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Boston Uncovered - Eats
After years of neglect, during which much of this area's architecture was destroyed, the South End made a big comeback in the 90s and still goes strong, thanks in part to the gay community. For all, take the Orange Line to Back Bay.

Anchovies They have Chimay on tap (for those 21+). And if you don't know the significance of sharing four Chimays with Italian nachos (served with feta cheese instead of cheddar), then keep on walking to Shey's. That's the lineup: Chimay on tap, Italian nachos. A close third is the semi-functioning Wurlitzer at the back - semi because it's still lit and the bubbles still climb, but the records don't spin. Oh, and the rest of the menu can't be beat and is served late. 433 Columbus Ave., Boston. 5 p.m.-1 a.m., daily. (617) 266-5088

Bob the Chef's Jazz Café It's been around for so many decades that many of the people who work there can't even tell you how long Bob the Chef's has been in business. The one time dive-like diner that only served breakfast and lunch has undergone a number of transformations over the years and is now a sort of yuppified jazz supper club, complete with recently painted orange walls and an eclectic crowd thinking they're enjoying authentic soul food. Unfortunately, the barbecued ribs, though gooey, aren't barbecued and the catfish isn't exactly jumping off the plate. But the place is always packed and the music always pops. 604 Columbus Ave., Boston.Mon-Wed 5 p.m.-10 p.m.; Thu-Fri 5 p.m.-midnight; Sat 11:30 a.m.-Midnight; Sun jazz brunch 9:30 a.m.-2:30 p.m.; Sun dinner 2:30 p.m.-10 p.m. (617) 536-6204
www.bobthechefs.com

Charlie's Sandwich Shoppe Back in the days when hotels were segregated, Charlie's Sandwich Shoppe was one of the few places in town where black jazz musicians could find late-night food after a gig. Though the hours have changed, little else has in the greasy spoon that has been serving breakfast and lunch in the South End for decades. Like an old-fashioned diner, complete with swivel stools at the counter, Charlie's serves up hearty American cuisine. Shovel down the infamous turkey hash. 429 Columbus Ave., Boston. MBTA: Orange Line. (617) 536-7669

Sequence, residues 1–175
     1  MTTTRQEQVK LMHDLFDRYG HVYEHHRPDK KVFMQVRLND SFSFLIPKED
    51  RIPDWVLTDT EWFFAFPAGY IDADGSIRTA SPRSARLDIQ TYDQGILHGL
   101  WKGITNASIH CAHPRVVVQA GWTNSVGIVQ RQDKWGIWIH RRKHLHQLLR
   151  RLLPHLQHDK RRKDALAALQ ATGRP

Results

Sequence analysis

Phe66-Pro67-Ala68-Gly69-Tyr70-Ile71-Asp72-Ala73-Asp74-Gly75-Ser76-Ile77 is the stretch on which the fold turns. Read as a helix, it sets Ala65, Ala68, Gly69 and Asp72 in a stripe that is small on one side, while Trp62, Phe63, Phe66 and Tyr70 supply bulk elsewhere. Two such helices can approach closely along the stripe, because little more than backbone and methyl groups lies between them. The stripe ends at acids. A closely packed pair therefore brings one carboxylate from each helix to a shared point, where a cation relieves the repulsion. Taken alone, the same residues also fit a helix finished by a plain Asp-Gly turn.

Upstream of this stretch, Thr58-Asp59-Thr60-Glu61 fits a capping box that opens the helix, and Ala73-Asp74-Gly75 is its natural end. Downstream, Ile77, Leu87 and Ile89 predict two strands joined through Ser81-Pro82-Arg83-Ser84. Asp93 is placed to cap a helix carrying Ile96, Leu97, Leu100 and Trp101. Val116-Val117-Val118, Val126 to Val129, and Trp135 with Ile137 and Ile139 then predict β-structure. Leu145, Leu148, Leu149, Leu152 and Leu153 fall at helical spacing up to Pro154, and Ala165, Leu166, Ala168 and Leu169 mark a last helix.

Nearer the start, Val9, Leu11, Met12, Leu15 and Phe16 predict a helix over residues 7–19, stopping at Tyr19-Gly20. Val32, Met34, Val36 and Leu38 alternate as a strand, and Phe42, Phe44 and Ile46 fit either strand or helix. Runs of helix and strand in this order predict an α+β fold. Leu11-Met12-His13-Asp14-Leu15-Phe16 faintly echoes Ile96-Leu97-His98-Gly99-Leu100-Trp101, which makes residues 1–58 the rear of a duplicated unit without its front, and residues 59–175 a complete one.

Delux Café At first glance it looks like a dive bar with an unusually cheesy décor. But the Elvis shrine, the pink Cadillac, the Santa Claus outside the restrooms and, of course, the album covers lining the walls are part of what makes Delux Café one of the true gems of the restaurant-heavy South End. It's the real deal with a truly eclectic clientele, plentiful drinks and a creative, well-prepared menu that changes every six weeks. Enjoy a grilled cheese at the bar where the Cartoon Network plays nightly. Number one in the hood, G. 100 Chandler St., Boston. Mon-Sat 5 p.m.-1 a.m.; Sun closed. (617) 338-5258

Franklin Café It's no coincidence that the Shawmut Avenue section of the South End underwent a gentrification around the time that David DuBois and Maureen McLaughlin opened the doors of the Franklin Café. The eclectic American eatery became an instant hit because of its impeccable service and seasonally-changing menu, not to mention hip, vibrant bar scene. Don't be scared by the prices - a fish taco is under 8 bucks. 278 Shawmut Ave., Boston. MBTA: Orange Line to Back Bay. 5 p.m.-1:30 a.m., 7 days. (617) 350-0010
www.franklincafe.com

Mike's City Diner Near the end of his presidency, Bill Clinton stopped in for breakfast at Mike's City Diner, devouring the eggs and grits while raving about the ham cut from the bone. The high-profile visitor didn't do much to put the place on the map, but he didn't need to. For years, Bostonians have flocked to Mike's for an eclectic menu, generous portions (especially of mashed potatoes) and great prices. When South End natives, South End boys, cops, truckers and hospital workers all sit down for breakfast at the same time, even the people-watching at Mike's becomes a treat. 1714 Washington St., Boston. 6 a.m.-3 p.m., daily. (617) 267-9393

Nashoba Brook Bakery Nearly five years ago, Concord-based Nashoba Brook Bakery, known for their 100 percent organic breads, opened a café on the Back Bay/South End line and locals soon discovered that the soups and sandwiches are just as hearty and appetizing. Still, you go for the soul-satiating, anti-Atkins creations, including the finest sourdough, french, 7 Grain, rye, olive, pepper jack, rosemary garlic and raisin breads in the area. 288 Columbus Ave., Boston. Mon-Fri 7 a.m.-6 p.m.; Sat 8 a.m.-5 p.m.; Sun 9 a.m.-5 p.m. MBTA: Orange Line to Back Bay. (617) 236-0777
www.slowrise.com
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